Humanities Commentaries on VPRPeter A. Gilbert's Look at Life through the Humanities
Older VPR Commentaries
Peter A. Gilbert’s older Vermont Public Radio commentaries are listed in reverse chronological order below. If you know the title of the piece you wish to read, use the search box to find it.
The 75th anniversary of the attack on Pearl Harbor has reminded Peter Gilbert of the importance of trying to be optimistic even at the darkest moments.
Felix Frankfurter was a close advisor and friend to President Franklin Roosevelt, who, in 1939, appointed him to the Supreme Court, where he served for 23 years. A brilliant jurist, Frankfurter was a founder of the American Civil Liberties Union and a strong advocate of judicial restraint.
My brother, Ken, lives in Dallas. He met his future wife at an election night party forty years ago, the night Jimmy Carter defeated Gerald Ford. And every four years since then, they’ve hosted a bipartisan election night party.
Two hundred years ago tomorrow, the British poet John Keats wrote one of the greatest short poems in the English language. It’s about autumn, something that Vermonters treasure, as do the countless tree-peepers who visit the state every fall.
Ralph Waldo Emerson famously said that “All biography is autobiography.” It’s usually taken to mean that in writing about other people, biographers reveal something about themselves – by the perspective they take, the elements of the person’s life that they focus on, and the interpretations they make of the person’s life.
Executive Director Peter Gilbert tells us about a book about international affairs that received a prestigious award in Vermont.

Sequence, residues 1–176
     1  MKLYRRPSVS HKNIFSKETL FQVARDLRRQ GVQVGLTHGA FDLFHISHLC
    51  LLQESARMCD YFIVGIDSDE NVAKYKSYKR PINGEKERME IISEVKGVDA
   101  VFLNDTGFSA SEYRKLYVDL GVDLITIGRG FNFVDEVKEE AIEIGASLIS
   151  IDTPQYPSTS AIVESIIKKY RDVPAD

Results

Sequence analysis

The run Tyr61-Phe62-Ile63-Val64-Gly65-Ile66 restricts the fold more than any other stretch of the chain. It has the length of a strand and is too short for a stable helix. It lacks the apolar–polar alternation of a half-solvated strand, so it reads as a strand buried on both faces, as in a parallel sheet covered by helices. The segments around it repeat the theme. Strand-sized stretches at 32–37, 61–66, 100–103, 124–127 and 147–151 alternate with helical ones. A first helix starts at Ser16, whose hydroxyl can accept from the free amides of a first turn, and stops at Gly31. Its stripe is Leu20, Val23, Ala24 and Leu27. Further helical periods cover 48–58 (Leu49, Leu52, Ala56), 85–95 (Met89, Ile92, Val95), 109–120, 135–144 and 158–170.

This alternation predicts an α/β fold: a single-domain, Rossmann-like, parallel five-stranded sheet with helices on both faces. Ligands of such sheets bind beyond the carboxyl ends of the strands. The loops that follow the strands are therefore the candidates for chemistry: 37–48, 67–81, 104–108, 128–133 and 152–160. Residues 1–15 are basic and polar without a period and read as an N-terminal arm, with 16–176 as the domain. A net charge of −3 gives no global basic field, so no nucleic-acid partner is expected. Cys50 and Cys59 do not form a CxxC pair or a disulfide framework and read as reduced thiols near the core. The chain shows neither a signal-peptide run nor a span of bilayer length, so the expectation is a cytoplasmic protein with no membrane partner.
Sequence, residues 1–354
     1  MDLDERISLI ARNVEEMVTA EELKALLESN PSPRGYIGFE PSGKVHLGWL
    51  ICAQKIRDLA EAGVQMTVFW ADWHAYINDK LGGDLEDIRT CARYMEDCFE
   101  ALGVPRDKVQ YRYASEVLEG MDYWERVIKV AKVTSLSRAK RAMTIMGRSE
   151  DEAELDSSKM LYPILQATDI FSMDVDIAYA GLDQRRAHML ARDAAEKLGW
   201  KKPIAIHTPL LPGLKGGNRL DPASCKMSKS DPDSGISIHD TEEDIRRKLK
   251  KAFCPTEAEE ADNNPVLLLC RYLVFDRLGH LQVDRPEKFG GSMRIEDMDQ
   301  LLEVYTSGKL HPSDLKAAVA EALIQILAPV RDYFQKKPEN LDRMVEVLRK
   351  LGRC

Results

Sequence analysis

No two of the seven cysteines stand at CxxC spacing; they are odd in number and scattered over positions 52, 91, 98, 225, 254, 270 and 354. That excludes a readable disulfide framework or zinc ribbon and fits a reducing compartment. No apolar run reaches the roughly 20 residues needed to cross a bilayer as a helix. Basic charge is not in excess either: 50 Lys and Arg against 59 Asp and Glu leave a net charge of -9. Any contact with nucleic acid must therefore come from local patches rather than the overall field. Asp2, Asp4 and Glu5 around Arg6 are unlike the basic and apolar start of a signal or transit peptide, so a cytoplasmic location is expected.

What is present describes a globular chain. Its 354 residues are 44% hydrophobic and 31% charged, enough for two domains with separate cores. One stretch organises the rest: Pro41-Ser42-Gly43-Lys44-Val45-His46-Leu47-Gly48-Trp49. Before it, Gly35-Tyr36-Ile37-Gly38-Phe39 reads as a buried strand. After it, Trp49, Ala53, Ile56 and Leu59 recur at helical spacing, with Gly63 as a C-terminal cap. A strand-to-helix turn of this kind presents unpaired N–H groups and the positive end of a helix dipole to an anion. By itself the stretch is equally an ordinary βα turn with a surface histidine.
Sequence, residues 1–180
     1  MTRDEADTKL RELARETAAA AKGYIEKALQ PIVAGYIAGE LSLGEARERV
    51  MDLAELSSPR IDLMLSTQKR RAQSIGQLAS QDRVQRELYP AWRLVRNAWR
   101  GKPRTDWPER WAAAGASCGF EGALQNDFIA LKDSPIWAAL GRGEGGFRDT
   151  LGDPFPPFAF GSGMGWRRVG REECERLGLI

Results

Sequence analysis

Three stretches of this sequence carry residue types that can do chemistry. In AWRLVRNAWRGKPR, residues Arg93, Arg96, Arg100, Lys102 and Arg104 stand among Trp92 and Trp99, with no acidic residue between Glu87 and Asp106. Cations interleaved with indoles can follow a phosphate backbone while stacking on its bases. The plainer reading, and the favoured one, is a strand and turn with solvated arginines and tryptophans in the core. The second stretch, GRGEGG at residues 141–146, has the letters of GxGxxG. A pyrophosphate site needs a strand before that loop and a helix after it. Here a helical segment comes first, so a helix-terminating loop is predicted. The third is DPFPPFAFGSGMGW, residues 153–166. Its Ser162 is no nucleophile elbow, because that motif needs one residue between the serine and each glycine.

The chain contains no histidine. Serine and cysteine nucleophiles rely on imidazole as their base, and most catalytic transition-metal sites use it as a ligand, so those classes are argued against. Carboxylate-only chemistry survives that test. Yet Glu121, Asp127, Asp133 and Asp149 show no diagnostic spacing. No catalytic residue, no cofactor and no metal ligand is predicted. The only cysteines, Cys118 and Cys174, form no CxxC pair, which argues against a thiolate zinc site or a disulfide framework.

I once heard Sir Christopher Ricks observe that a scholar is someone who tells you something you didn’t know, and a critic is someone who tells you something you hadn’t noticed.
This is the hundredth anniversary year of the Pulitzer Prizes, and to celebrate the Pulitzer Prizes Board and state humanities councils across the country, including the Vermont Humanities Council, are collaborating with countless programs and projects.
It was August 1968, and Chicago was hosting the Democratic National Convention, an open convention without a clear nominee. I was a freshman in a suburban high school forty miles outside Chicago.
2016 is the four hundredth anniversary of William Shakespeare’s death – a milestone being marked in myriad ways, including with copies of Shakespeare’s First Folio, the 1623 published collection of Shakespeare’s plays, touring the United States.
A crowded field for the Republican nomination for the presidency, establishment candidates not getting much traction, and disturbing events increasing Americans’ concerns about national security may sound familiar. But commentator Peter Gilbert says the year was 1940.
The end of one year and the beginning of another often cause us to reflect on the past as we consider the future, especially if the year that’s drawing to a close included important personal or family milestone events. Here’s Vermont Humanities Council executive director Peter Gilbert with some thoughts about what the papers posted on the door of his parent’s refrigerator said about their lives.
You may well know the song “I Dreamed I Saw Joe Hill Last Night”; indeed if you’re like Vermont Humanities Council executive director Peter Gilbert, to hear the title is to hear Joan Baez singing it at Woodstock. Here’s Peter to tell you more of Joe Hill’s story, which is part of the history of the American labor movement.
As the political season continues, commentator Peter Gilbert is reminded of an historic speech dedicating a military memorial that referenced, of all things, evolution—a notion only thirty-eight years old at the time—and that concerned civic courage more than soldiers’ physical courage.
As the National Endowment for the Humanities marks its 50th anniversary, commentator Peter Gilbert reflects on its mission and accomplishments.
Today is the anniversary of an event that led to the publication of a best-selling nineteenth-century account of an American ship captain’s enslavement and survival in Africa. Commentator Peter Gilbert says its success serves as a good example of how the impact of a single book can sometimes seem to go on forever.